23

I have a System.Windows.Forms.TreeView docked inside a panel. I am setting a node selected programmatically. What method or property would I use to have the treeview scroll the selected into view?

38
node.EnsureVisible();

for example:

if(treeView.SelectedNode != null) treeView.SelectedNode.EnsureVisible();

(see MSDN)

1
  • If you would additionally like scroll this node to the top of the TreeView you could use treeView.TopNode = treeView.SelectedNode after the null-value check instead of treeView.SelectedNode.EnsureVisible(). – Marcus Mangelsdorf Dec 5 '16 at 14:25
1

I also had issues with this and figured out that treeview.ExpandAll() ignores the EnsureVisible() effect and avoids the scrolling to the node position.

Just call EnsureVisible() after ExpandAll() if you want a full expanded tree with the scroll on the node you've selected.

1

To ensure the visibility of selected item:

private void EnsureItemVisible()
{
    if(treeView1.SelectedNode == null)
    {
        return;
    }

    for (int i = treeView1.SelectedNode.Index + treeView1.VisibleCount / 2; i >= 0; i--)
    {
        if (treeView1.Nodes.Count > i && treeView1.Nodes[i] != null)
        {
            treeView1.Nodes[i].EnsureVisible();
            break;
        }
    }

    for (int i = treeView1.SelectedNode.Index - treeView1.VisibleCount / 2; i < treeView1.Nodes.Count; i++)
    {
        if (i >= 0 && treeView1.Nodes[i] != null)
        {
            treeView1.Nodes[i].EnsureVisible();
            break;
        }
    }
}

Handle the TreeView selection has been changed:

private void TreeView_AfterSelect(object sender, TreeViewEventArgs e)
{   
    EnsureItemVisible();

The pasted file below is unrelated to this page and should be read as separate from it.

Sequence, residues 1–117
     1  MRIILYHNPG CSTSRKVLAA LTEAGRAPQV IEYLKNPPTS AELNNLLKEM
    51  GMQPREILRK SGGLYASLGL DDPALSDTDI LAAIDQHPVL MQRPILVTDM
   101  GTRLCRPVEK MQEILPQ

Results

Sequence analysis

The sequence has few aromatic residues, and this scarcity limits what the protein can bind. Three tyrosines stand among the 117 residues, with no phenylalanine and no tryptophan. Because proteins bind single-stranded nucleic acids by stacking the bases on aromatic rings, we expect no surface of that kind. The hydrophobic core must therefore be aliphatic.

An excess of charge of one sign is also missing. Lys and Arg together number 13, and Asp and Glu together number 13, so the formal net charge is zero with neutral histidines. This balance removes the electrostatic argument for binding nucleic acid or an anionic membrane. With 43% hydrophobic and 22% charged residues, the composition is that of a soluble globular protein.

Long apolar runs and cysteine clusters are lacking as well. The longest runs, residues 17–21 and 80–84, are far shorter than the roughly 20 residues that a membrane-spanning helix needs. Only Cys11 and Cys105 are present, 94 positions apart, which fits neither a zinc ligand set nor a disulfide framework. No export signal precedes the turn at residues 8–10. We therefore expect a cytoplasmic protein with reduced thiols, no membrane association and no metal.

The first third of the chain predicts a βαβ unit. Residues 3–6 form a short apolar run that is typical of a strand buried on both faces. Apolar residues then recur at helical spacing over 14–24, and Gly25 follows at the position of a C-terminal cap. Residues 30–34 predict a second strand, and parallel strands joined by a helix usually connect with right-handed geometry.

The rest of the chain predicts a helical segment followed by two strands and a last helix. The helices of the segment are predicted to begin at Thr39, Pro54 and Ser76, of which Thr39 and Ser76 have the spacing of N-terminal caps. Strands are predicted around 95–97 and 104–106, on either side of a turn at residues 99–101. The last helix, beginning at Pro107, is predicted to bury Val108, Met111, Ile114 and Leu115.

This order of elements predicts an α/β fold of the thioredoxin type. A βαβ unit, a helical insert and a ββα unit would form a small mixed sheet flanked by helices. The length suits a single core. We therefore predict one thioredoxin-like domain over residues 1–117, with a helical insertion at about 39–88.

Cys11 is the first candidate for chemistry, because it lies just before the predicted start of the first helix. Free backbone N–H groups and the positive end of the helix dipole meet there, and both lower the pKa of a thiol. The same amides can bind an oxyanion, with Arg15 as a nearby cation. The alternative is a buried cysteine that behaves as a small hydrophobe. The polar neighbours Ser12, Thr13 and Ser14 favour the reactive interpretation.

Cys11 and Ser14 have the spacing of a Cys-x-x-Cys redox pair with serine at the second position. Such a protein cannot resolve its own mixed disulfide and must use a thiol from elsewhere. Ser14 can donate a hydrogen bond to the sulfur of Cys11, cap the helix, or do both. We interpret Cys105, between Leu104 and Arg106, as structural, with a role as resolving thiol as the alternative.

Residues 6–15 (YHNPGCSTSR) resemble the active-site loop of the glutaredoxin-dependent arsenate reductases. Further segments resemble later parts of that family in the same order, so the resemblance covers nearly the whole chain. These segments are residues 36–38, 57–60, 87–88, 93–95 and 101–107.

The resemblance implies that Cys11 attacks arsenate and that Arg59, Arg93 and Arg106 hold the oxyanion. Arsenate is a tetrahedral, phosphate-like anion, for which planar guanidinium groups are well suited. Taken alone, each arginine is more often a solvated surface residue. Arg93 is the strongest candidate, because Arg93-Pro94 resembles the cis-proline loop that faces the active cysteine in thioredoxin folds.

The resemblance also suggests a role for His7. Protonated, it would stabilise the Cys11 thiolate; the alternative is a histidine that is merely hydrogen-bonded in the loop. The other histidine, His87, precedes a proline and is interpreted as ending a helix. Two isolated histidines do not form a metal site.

}
0
0

I had some issues with node.EnsureVisible() not working for trees with only one level of nodes.

To fix this use the BindingIndex to identify the node selected. Then the node selected will be scrolled in view.

The example shows myTable from a LINQ query.

node.BindingIndex = Convert.ToInt32(mytable.Id);

I hope this helps some of you.

0

What I found worked reliably was:

  1. Expand the desired node
  2. Force scroll to the END by EnsureVisible() on the Last node of the tree
  3. Scroll back to the desired node by EnsureVisible() on that node

This results in the desired node and the expanded children being placed at the top of the treeview display area.

        TVFolders.BeginUpdate();
        TVFolders.Nodes.Clear();
        TreeNode tn = new TreeNode()
        {
            Text = RootFolderPath,
            Name = RootFolderPath
        };
        TVFolders.Nodes.Add(tn);
        //      load the treeview (also tracks the last node added to the tree as lastNode)
        PopulateTreeView(TVFolders.Nodes[0], RootFolderPath, 6, true);
        //      if user/caller has specified a start path, select and expand it
        if (_SelectedPath != null)
        {
            //      find the node corresponding to the requested path
            TreeNode[] tns = TVFolders.Nodes.Find(_SelectedPath, true);
            //      assumes first return is the "best" one
            if (tns.Length > 0)
            {
                //      select the requested node
                TVFolders.SelectedNode = tns[0];
                //      expand to show children
                TVFolders.SelectedNode.Expand();
                //      scroll to the last node on the tree (may push our node off top)
                if (lastNode != null)
                {
                    lastNode.EnsureVisible();
                }
                //      scroll to our node, which will now be at the top of the display area
                TVFolders.SelectedNode.EnsureVisible();
            }
        }
        TVFolders.Visible = true;
        TVFolders.EndUpdate();

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